penalty of others' sins, He will not even punish them for their own, if
they turn from sin to righteousness; but if they turn from righteousness
to sin, they must expect in justice that their former goodness will not
atone for subsequent sin
(Heb 10:38, 39;
The exile in Babylon gave a season for repentance of those sins which
would have brought death on the perpetrator in Judea while the law
could be enforced; so it prepared the way for the Gospel [GROTIUS].
22. in his righteousness . . . he shah live--in it, not for it,
as if that atoned for his former sins; but "in his righteousness" he
shall live, as the evidence of his being already in favor with God
through the merit of Messiah, who was to come. The Gospel clears up for
us many such passages
which were dimly understood at the time, while men, however, had light
enough for salvation.
If men perish, it is because they will not come to the Lord for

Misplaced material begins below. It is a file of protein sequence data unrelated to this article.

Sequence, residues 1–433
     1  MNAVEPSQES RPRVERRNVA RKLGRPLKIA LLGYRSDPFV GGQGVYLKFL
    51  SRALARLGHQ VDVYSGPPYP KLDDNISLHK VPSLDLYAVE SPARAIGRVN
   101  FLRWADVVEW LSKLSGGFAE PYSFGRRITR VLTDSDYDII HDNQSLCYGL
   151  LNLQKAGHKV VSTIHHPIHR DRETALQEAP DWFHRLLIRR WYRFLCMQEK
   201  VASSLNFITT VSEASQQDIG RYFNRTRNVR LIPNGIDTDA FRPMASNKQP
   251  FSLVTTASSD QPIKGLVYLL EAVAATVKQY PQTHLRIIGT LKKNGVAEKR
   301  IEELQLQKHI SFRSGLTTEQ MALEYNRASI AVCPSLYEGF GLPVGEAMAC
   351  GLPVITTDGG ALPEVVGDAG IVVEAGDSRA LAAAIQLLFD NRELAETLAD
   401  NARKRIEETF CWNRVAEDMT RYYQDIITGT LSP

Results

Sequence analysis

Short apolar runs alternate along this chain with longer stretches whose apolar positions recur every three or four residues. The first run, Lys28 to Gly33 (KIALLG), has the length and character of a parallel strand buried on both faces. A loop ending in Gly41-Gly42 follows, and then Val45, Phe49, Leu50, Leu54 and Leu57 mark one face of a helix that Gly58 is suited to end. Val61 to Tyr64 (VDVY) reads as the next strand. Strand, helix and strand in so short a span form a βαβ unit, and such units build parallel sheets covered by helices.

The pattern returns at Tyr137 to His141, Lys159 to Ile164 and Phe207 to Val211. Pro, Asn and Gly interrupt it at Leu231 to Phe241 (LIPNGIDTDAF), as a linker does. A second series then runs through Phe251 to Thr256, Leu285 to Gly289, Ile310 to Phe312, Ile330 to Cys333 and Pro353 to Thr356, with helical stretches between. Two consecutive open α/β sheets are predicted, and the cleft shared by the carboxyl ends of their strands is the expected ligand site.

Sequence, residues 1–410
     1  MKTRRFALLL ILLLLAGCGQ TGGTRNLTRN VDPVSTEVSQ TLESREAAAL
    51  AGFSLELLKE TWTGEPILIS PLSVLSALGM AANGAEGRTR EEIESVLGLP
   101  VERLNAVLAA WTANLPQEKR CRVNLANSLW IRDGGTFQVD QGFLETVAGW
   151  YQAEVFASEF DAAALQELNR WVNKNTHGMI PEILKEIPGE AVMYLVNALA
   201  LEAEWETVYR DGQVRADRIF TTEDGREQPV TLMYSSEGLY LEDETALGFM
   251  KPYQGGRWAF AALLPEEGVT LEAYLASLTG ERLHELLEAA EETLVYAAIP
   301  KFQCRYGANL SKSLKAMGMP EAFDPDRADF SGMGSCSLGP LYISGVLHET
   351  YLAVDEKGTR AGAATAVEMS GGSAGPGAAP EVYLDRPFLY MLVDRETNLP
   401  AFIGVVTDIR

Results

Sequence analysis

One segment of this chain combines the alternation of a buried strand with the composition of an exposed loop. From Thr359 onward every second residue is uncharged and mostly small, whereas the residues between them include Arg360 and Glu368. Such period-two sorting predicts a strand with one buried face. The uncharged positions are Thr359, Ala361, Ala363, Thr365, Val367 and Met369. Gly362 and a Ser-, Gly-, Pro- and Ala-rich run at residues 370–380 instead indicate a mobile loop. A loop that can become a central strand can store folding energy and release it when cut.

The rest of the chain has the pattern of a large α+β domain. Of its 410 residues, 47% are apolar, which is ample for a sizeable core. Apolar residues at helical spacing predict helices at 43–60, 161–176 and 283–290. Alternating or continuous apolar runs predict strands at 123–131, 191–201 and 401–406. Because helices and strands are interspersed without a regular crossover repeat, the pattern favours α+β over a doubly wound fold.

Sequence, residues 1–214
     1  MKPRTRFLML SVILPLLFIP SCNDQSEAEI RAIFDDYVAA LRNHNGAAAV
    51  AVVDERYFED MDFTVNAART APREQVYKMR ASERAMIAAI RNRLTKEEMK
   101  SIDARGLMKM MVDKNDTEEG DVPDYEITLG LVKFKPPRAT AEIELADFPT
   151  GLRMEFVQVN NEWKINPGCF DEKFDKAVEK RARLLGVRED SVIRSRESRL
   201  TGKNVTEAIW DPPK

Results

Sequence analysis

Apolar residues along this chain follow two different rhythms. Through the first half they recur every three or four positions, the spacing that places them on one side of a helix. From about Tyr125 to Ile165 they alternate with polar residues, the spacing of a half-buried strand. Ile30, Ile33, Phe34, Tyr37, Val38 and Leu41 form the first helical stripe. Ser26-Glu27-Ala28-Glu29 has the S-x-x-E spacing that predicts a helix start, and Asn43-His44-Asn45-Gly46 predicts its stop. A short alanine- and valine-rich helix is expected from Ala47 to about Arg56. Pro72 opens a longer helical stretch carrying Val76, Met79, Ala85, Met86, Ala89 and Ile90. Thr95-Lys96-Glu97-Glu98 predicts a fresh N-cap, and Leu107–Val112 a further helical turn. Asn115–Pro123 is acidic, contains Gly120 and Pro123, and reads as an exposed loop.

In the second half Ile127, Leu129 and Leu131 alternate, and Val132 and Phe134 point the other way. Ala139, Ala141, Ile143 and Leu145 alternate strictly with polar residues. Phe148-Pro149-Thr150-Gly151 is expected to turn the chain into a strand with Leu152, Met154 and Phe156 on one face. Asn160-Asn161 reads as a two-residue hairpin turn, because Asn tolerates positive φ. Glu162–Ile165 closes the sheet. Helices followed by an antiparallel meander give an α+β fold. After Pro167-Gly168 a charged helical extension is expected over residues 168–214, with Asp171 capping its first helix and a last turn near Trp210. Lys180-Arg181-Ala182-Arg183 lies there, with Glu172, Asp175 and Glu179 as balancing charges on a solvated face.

salvation; not that the Lord is not willing to save them
They trample on not merely justice, but mercy; what farther hope can
there be for them, when even mercy is against them?
24. righteous--one apparently such; as in
"I came not to call the righteous," &c., that is, those who fancy
themselves righteous. Those alone are true saints who by the grace of
Joh 10:28, 29).
turneth away from . . . righteousness--an utter apostasy; not like
the exceptional offenses of the godly through infirmity or heedlessness,
which they afterwards mourn over and repent of.
not be mentioned--not be taken into account so as to save them.
his trespass--utter apostasy.
25. Their plea for saying, "The way of the Lord is not equal," was
that God treated different classes in a different way. But it was really
their way that was unequal, since living in sin they expected to be
dealt with as if they were righteous. God's way was invariably to deal
with different men according to their deserts.
26-28. The two last instances repeated in inverse order. God's emphatic
statement of His principle of government needs no further proof than the
simple statement of it.
in them--in the actual sins, which are the manifestations of the
principle of "iniquity," mentioned just before.
27. he shall save his soul--that is, he shall have it saved upon his
28. considereth--the first step to repentance; for the ungodly do not
consider either God or themselves